One of the topics of conversation that came up on Ariba's earnings call is one that many analysts have followed closely for some time -- Ariba's declining services revenue and overall services business (including the legacy FreeMarkets assets). Might Ariba finally be turning the corner on this formally declining business? On the call, Ariba executives noted, "Earlier this year, we said that services revenues have stabilized. In Q2 we saw a modest uptick and are now expecting another similar uptick in Q3." To the best of my knowledge, Ariba counts services in two key areas: software deployment and Spend Management / sourcing services (e.g., category sourcing, supply risk analyses, etc.). It's important to separate out these two areas for the purposes of overall discussion and analysis of their prospects for professional services.
For the purposes of channel relationship and management, Ariba still continues to alienate many of the large SI and BPO providers in relation to Emptoris and others who have done a better job greasing the services skids by enabling their partners to share in the implementation and deployment revenue (not to mention procurement and supply chain consulting and outsourcing revenue). I know for a fact that this has cost Ariba many at bats in the past -- and continues to cost them today. Still, I spoke to one CPO earlier this spring who preferred the Ariba approach to bundled deployment services in the area of Spend Management software. Considering one Ariba competitor that has a better relationship with folks like Accenture and IBM than Ariba does, this individual felt like Ariba's competition was bringing in a major SI who would unnecessarily add additional cost to the process. In contrast, the Ariba approach to the software area this company was looking at bundled Ariba services into the price.
At this stage, I believe Ariba's growth in services is characteristic of this examples, as well as a general rebound in the overall procurement services area. Simply put, starting in Q4 last year, companies began to open the floodgates again on professional-services driven cost reduction projects. But from a category sourcing and general operations cost reduction standpoint, I'd continue to wager that Ariba is recovering at a rate that is ahead of some, but trails many of the leaders in the sourcing and supply chain consulting market. Even though I know they have tried to extend olive branches to partners -- and potential partners -- these efforts have not had a material impact on many of their larger firm relationships. Indeed, many large SIs, consultants and BPO providers continue to leverage technology from other providers whenever they can, because they know that Ariba has a history of competing for revenue against their partners (even if this is the right thing for the customer, mind you).
In other quarterly news, Ariba noted on the call that "we remain very well capitalized with $223 million in cash on our balance sheet." But the critical phrase is what follows next in the transcript. To wit, this balance sheet gives us "strategic flexibility to exploit both organic and inorganic opportunities." In order for Ariba to be seen as a major contender on the M&A front, they'll need to ramp up their capabilities in this area, hiring an experienced corporate development executive with a long track record in M&A (which they currently don't have). The irony of this is that many of Ariba's smaller competitors have what I'd describe as better overall competencies in the M&A capability, ranging from up-front deal screening through to due diligence, and the most important part of any M&A transaction: operational integration. If we see Ariba add to its roster of executives a new SVP or EVP of Corporate Development -- a move I think is likely -- then we should all take it as a signal that the "inorganic growth" options described on the call remain a strong possibility as a core strategy vs. just opportunistic pursuits.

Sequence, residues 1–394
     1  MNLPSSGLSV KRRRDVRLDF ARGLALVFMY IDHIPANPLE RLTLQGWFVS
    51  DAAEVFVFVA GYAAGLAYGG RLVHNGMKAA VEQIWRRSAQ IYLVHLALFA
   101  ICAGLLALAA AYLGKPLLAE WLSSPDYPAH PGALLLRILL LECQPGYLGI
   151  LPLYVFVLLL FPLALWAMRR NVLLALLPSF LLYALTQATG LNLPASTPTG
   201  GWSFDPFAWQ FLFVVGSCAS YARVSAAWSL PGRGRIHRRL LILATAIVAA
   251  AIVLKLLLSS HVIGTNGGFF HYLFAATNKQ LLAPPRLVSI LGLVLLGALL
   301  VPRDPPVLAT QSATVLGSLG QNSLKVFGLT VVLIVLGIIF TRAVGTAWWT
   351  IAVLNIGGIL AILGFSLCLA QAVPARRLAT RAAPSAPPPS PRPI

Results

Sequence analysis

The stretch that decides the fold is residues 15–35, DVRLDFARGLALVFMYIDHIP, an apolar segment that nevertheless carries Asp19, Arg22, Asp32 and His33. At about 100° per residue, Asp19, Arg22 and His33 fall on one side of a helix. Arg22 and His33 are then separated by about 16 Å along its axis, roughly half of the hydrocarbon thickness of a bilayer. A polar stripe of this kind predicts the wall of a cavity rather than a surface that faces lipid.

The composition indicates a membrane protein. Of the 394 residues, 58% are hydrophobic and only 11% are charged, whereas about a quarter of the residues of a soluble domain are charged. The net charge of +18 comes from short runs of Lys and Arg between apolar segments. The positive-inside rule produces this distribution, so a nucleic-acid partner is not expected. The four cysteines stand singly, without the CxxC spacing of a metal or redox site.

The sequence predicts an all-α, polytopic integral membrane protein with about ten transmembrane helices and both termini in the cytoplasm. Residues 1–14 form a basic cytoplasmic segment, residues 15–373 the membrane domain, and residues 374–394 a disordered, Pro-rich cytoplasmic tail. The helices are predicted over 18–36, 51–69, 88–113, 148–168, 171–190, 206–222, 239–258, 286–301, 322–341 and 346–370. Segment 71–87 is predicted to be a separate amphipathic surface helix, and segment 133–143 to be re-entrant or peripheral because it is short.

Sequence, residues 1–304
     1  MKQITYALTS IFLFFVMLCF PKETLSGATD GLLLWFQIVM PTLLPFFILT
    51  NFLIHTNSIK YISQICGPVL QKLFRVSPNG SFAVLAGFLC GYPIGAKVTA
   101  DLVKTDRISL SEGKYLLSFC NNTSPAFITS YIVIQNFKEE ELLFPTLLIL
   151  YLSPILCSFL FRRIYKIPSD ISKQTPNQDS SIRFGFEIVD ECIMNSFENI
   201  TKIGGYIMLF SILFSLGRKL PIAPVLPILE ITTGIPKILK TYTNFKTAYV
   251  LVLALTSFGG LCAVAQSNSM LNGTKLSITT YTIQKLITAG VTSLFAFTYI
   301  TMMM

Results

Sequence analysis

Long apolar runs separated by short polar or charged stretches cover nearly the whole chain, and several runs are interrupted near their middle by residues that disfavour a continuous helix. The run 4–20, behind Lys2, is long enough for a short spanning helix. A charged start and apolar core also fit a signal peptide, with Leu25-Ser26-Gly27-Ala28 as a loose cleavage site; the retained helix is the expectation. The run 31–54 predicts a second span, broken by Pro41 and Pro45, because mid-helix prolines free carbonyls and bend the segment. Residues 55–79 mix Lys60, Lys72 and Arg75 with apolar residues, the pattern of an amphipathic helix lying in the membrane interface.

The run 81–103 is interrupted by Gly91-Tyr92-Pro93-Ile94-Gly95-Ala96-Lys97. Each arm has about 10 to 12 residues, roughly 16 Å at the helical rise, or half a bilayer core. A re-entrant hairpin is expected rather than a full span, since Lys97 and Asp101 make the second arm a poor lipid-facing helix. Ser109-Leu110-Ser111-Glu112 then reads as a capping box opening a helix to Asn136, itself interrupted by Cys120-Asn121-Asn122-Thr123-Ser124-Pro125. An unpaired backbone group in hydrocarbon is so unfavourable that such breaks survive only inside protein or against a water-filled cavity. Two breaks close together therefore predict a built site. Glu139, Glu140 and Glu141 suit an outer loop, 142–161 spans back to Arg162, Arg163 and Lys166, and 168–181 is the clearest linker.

I'll save my detailed discussions on the growth of the network business for a post in the coming weeks because I don't believe you can separate out network growth and revenue from the augmentation of existing services and revenue streams that Ariba currently provides and derives from the network business. From a customer point of view, the growth of Ariba's network business should not necessarily just be looked at as a positive thing. Some of this growth may come from increased transaction costs either funded by your suppliers -- or you directly, as suppliers raise prices to cover additional transaction costs. Still, I do believe that Ariba may be able to deliver new types of solutions over the network that bring material benefit to both buying and supplying organizations. Perhaps at LIVE, which is coming up at the end of May, we'll learn more about what some of these might look like.
- Jason Busch